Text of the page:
Drying Flowers

September 01, 2017

Drying Flowers

Drying flowers  


Summer is in full swing here in the Pacific Northwest, and that means flowers!  We are lucky to have so many beautiful varieties.  Drying is a great way to keep those summer flowers around all year long.  You can dry whole flowers for arrangements or crafts, or just the blossoms or petals to make tea or potpourri.  Roses, lavender, and delphinium are some examples of flowers that hold their shape and color when dried, but there are many good choices.


Collect flowers before they are fully open.  They will open a bit more while drying, and if they are too mature you risk losing petals.  Make sure they are fresh and dry.  Once picked, keep the flowers out of direct sunlight to prevent fading.


To dry: 

Hang any flowers that you want to keep on the stem upside down, so they dry straight.  Wrap the flowers in bundles small enough to allow airflow to the blossoms in the center.  Leave the stems as long as possible.  Wrap the stems tightly; they will shrink a little as they dry.  I usually use hemp or a strong rubber band, like the kind you get from broccoli at the supermarket.  If the flower heads are round, try to stagger them a bit to improve airflow.  If the blooms are very full, like rose or thistle, and you have enough space, hanging them individually will allow them to keep their shape better and dry faster.


The best places for drying flowers are warm, dry, out of direct sunlight, and out of the way, so they can remain undisturbed for a few weeks.  I usually use closets (in my house the water heater closet works best) or the corners of a garage.  I string a line or two across the drying area.  Then I attach my bundles to the line, either by tying them on, or by unfolding a paperclip (so it makes an S shape) and hooking one end to the bundle, and one end to the string.  Leave plenty of room for the air to flow between bunches.  Leave them hanging for one to three weeks, checking on them occasionally.  When all of the parts are dry, including the stems, it is time to take them down.  They can be used immediately for their intended purpose, or wrapped carefully in newspaper and stored in a safe place.  The dried flowers will be fragile.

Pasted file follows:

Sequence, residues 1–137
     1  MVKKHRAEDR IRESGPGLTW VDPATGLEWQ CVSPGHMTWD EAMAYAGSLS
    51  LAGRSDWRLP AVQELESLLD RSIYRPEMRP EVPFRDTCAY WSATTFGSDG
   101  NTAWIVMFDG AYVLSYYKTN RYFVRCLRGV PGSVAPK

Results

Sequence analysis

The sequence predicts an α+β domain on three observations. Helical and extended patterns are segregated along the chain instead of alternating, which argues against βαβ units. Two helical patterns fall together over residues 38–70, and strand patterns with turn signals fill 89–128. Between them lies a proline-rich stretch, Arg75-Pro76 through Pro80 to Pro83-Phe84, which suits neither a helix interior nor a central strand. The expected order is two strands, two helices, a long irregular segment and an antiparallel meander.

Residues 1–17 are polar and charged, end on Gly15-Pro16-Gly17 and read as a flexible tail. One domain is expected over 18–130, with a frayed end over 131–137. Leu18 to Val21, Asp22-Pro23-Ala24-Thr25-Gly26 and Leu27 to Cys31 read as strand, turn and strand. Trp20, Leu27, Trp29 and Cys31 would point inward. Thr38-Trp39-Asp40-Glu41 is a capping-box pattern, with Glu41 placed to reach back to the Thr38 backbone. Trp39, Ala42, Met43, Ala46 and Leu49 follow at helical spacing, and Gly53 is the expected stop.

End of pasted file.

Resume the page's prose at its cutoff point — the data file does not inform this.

Drying petals:

If you are planning to use your dried flowers to make tea or potpourri, it is faster and easier to dry the petals or the flower head rather than the whole plant.  Cut the flower heads from the stem or the petals from the calyx and spread out on a screen or mesh.  Set the screen up so that there is airflow underneath it, either by hanging it or propping it up on something.  Then put it a warm, dry, place out of the sun.  Stir the petals around every day or so.  This method is faster than drying whole flowers, and usually takes about a week.  You can store your petals in mason jars or Ziploc bags until you are ready to use them.


It is super easy to bring the beauty of summer into your home all year.  It only takes is a little bit of effort and some time. 



Sarah Lyon

Leave a comment

Comments will be approved before showing up.